In their last season in the Premier League Wigan Athletic had a staffing budget of around £50 million. Relegation and a huge drop in TV revenues meant that wages had to be drastically reduced, despite a parachute payment of £26 million. To keep a team in mid-table in the Championship typically involves a wage bill in excess of £20 million. Whereas to get into the top six  comes to around £30 million, which is precisely what it cost Latics last season.

With parachute payments dropping to £16m this season that the club once again needed to reduce its wage bill. The departures of ex-Premier League players Jean Beausejour, Jordi Gomez and James McArthur helped. However, manager Uwe Rosler was to bring in nine new players over the summer. Although some were younger players, not on high earning contracts, the competition in the transfer market forced the club to offer more tempting salaries to the rest. The result was a squad that was larger than the club needed with a wage bill close to that £30 million of the previous season.

The January fire sale, in which 13 players left the club, helped to put Latics back on track financially. Apart from the transfer fees received the wage bill was reduced significantly, to probably around £20 million on an annual basis. Sadly the selling of much of the family silver left Latics with a threadbare squad, short on quality. Only two permanent signings were made, coincidentally both being players who had prior experience in League 1. The squad was supplemented by young loanees and players on short term contracts.

For the coming season Latics will receive £8 million in parachute payments, plus around £2.5 million from TV money. The rest will need to come from gate receipts and commercial revenue. The club will have gone from a wage bill of £50 million to £30 million to around £10 million in the space of just three years.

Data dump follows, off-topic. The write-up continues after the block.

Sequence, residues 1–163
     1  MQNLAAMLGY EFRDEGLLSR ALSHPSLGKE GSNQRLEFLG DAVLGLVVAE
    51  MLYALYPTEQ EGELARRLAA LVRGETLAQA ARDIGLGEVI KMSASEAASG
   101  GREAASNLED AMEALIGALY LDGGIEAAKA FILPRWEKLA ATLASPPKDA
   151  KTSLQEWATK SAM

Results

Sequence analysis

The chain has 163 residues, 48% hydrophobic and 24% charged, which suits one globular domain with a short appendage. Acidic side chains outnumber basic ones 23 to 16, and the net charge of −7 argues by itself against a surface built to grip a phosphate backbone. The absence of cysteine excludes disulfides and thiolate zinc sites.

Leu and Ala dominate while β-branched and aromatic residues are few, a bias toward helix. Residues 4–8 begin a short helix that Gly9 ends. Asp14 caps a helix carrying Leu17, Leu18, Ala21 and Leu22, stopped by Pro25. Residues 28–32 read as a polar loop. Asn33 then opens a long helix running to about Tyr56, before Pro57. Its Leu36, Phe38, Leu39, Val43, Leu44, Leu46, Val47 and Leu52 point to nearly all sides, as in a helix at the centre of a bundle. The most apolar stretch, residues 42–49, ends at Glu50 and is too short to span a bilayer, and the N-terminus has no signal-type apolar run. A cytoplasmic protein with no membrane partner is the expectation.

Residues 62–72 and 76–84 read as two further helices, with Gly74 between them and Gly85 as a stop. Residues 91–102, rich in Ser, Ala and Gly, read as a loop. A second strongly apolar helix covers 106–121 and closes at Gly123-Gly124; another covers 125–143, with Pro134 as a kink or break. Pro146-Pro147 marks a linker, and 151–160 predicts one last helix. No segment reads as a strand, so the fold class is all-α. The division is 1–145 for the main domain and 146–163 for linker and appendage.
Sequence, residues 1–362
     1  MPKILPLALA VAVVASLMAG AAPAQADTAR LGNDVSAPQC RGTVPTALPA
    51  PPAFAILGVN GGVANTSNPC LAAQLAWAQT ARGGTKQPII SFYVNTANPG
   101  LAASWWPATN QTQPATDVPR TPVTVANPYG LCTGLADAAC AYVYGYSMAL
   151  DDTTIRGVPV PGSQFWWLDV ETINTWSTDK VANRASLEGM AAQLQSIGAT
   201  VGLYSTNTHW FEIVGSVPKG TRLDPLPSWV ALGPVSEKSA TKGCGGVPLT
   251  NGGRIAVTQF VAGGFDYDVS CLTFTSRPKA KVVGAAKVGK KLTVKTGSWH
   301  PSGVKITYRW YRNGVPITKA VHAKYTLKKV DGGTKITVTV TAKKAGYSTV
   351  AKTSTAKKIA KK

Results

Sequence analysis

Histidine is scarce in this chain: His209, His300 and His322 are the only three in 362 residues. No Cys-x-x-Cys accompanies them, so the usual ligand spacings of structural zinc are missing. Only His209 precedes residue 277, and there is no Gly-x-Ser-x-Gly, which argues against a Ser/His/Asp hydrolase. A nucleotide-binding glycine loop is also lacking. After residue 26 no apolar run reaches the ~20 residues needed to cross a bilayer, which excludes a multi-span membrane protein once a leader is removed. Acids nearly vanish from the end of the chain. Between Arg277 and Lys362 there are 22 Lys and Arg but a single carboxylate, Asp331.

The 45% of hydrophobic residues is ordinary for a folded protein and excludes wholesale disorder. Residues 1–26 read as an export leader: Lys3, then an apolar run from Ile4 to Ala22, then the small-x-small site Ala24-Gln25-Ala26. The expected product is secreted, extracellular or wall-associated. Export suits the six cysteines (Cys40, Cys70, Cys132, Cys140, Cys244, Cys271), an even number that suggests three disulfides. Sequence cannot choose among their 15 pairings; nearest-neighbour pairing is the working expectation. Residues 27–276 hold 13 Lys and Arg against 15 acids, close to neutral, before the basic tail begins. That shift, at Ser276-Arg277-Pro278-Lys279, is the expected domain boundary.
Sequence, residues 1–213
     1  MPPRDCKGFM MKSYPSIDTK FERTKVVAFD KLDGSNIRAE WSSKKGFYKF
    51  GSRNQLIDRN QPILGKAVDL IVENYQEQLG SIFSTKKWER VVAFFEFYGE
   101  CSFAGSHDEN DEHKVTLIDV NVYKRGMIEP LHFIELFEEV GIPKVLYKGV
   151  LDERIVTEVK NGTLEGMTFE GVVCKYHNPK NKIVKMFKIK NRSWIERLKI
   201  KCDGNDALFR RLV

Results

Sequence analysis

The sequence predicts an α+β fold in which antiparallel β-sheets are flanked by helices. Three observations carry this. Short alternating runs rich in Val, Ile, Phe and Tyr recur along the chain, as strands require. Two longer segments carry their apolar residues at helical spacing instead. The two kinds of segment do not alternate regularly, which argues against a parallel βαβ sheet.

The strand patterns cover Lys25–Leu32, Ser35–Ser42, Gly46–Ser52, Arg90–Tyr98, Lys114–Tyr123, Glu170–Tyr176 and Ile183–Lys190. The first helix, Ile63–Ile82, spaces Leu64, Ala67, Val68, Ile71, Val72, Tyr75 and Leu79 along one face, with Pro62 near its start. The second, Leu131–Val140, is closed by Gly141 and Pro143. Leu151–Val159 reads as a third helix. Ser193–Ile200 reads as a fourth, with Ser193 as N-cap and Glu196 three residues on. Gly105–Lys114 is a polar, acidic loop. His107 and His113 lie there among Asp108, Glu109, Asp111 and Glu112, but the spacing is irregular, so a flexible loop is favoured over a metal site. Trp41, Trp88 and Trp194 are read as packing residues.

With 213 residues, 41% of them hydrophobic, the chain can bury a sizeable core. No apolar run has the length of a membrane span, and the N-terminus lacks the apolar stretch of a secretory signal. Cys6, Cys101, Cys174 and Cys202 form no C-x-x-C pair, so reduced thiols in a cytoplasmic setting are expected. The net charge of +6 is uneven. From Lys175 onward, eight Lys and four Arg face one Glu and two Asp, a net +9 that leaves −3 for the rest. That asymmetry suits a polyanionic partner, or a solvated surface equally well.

Assuming the current wage bill approximates to around £20 million on an annual basis it means that it will need to be halved over the summer.

Wigan Athletic currently have 19 players under contract until 2016 and beyond. None of those were previously on Premier League contracts. However, having been signed when Latics have been in the Championship division many of them will be on salaries that are way above the norm in League 1.

Excluding loanees there are 8 players out of contract in June. The list includes goalkeeper Lee Nicholls, although rumours suggest that he is being offered a contract extension.

Given the situation Sharpe will look at selling off those contracted players on the highest salaries. Many of the most saleable assets departed in January, but players with prior Premier League backgrounds remain who will be targeted by other clubs. The most likely to attract sizeable transfer fees are Scott Carson, James McClean and James Perch. Moreover Oriol Riera has already shown in his return to Spain that he is a player who will be in demand, likely to bring in a transfer fee.